The opinion of the court was delivered by: GREENE
On May 11, 1981, defendants raised the issue of the admissibility of certain so-called "third party" documents, that is, documents which either were authored by employees or agents of companies that are in competition with defendants or purport to recount statements made by such employees or agents. The statements contained in these documents would, of course, be admissible in evidence as "admissions" under Rule 801(d)(2) of the Federal Rules of Evidence were these companies themselves parties to this action, and the question examined in this Memorandum is whether they should be admitted here even though the companies are not parties herein.
In response to the Court's request to the parties to brief this issue, defendants have proposed two possible routes for the admissibility of these statements: first, that the documents be received in evidence as admissions of a party opponent under Rule 801(d)(2); and second, that they be received under the residual exceptions to the hearsay rule, Rules 803(24) and 804(b)(5).
After having considered the memoranda filed by both parties, the Court has determined that it has sufficient authority to admit most of these documents pursuant to the residual exceptions to the hearsay rule. However, an additional procedure is being established for the admission of these documents, in order to avoid any possibility of unfairness to the government or to nonparties, and to ensure that all documents will be presented to the Court in their most useful and meaningful context.
Defendants argue that the government has adopted, and purports to believe in, the statements made by companies such as MCI, Litton, and others upon whose active assistance it appears to have relied in presenting its case, and that these statements should therefore be admitted as "adoptive admissions" by the government under Rule 801(d)(2)(B).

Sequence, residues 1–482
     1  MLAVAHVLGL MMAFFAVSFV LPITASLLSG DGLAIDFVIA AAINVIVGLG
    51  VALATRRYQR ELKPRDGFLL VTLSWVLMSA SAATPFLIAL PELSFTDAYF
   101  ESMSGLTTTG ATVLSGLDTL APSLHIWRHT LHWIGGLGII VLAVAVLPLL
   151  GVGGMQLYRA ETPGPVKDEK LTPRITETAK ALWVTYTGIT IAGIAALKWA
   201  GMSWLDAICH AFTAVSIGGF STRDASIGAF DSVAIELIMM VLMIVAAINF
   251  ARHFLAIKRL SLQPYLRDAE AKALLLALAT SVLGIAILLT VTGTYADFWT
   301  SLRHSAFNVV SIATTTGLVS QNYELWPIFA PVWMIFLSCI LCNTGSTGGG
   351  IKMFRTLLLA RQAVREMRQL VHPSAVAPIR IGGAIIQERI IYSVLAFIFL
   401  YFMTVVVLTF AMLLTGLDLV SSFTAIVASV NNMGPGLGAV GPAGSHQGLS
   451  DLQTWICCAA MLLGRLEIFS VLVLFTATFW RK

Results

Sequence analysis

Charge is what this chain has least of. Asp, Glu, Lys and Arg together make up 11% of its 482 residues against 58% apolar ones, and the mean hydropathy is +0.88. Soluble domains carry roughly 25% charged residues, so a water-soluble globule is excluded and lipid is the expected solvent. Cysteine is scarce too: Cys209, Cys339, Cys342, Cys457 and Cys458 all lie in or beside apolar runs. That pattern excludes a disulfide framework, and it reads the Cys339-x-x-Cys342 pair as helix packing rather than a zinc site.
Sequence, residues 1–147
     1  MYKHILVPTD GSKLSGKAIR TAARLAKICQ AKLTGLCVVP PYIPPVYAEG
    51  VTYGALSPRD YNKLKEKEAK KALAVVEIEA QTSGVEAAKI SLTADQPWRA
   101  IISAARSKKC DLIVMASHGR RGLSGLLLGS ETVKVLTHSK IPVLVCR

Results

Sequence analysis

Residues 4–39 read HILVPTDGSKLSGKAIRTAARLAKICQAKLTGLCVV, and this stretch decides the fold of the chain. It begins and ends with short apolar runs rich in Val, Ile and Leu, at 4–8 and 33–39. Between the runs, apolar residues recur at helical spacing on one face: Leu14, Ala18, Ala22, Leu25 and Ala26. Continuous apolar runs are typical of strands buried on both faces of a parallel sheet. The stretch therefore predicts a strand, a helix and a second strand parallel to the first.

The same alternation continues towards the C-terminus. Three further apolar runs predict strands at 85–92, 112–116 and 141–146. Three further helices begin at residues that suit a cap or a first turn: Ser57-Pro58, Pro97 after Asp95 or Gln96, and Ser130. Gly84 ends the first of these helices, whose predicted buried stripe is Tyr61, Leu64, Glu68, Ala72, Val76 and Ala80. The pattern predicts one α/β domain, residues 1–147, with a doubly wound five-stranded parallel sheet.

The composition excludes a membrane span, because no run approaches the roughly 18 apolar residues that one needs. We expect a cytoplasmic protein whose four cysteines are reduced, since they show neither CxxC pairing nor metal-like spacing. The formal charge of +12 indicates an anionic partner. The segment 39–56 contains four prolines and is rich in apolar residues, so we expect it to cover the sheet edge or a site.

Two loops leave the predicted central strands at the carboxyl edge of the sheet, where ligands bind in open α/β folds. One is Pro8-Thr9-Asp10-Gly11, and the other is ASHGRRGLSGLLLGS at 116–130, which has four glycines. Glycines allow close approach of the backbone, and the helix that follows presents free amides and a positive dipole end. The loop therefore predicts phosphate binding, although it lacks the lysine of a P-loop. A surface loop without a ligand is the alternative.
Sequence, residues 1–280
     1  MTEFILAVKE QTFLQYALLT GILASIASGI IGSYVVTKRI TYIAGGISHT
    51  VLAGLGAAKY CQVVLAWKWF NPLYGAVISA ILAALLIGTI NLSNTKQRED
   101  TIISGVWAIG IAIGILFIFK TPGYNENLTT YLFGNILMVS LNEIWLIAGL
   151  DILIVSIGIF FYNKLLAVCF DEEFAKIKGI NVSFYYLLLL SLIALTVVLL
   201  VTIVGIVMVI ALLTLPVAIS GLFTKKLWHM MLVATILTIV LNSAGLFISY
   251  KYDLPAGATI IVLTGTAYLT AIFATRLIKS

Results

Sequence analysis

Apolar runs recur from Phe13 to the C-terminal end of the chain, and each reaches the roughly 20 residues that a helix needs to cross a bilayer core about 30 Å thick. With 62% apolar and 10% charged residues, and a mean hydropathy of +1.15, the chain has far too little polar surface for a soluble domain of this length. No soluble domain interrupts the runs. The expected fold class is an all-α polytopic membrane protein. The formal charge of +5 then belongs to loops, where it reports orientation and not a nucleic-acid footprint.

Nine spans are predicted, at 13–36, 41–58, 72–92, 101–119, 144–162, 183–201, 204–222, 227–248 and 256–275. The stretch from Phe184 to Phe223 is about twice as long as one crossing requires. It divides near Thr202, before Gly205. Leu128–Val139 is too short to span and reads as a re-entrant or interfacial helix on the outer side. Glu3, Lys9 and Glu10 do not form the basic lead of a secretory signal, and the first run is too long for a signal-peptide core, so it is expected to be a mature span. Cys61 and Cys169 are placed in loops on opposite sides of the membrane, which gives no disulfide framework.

In order to demonstrate that the government has "adopted" the statement of a third party, defendants must show that it somehow "has manifested (its) adoption or belief in (the statement's) truth." See 4 Weinstein's Evidence, P 801(d)(2)(B)(01). To meet this burden, defendants have primarily pointed to statements by the government to the effect that these third parties and the government are "aligned in interest" with regard to this case.
It is no doubt true that the government shares many common interests with the competitors of AT&T in this suit. This circumstance alone does not, however, entail the automatic adoption by the government of every relevant document originating in the files of these competitors. As stated by the Court of Appeals of this Circuit:
This congressional policy would similarly be thwarted were the Court to allow the alleged antitrust offender to introduce statements by private parties as admissions against the government merely because these parties have cooperated with the government's lawyers in the preparations for this suit. The government cannot be held to have adopted the contents of documents in the files of others, no matter how aligned in interest they might be, without specific proof of such adoption proof that, as the Court understands it, is not present here.
Defendants have also proposed the admission of these third party documents under Rule 803(24) or 804(b)(5).
These rules provide in different contexts for the admissibility notwithstanding the hearsay rule of
A statement not specifically covered by any of the foregoing exceptions but having equivalent circumstantial guarantees of trustworthiness, if the court determines that (A) the statement is offered as evidence of a material fact; (B) the statement is more probative on the point for which it is offered than any other evidence which the proponent can procure through reasonable efforts; and (C) the general purposes of these rules and the interests of justice will best be served by admission of the statement into evidence.
At the Court's request, defendants have submitted a sampling of third party documents for consideration under these rules. These documents are organized into seven broad categories: (1) contemporaneous memoranda reflecting discussions in meetings or telephone conversations with or by adverse third parties;
(2) internal memoranda of adverse third parties; (3) diaries and calendars of adverse third parties; (4) correspondence (letters from adverse third parties); (5) public ...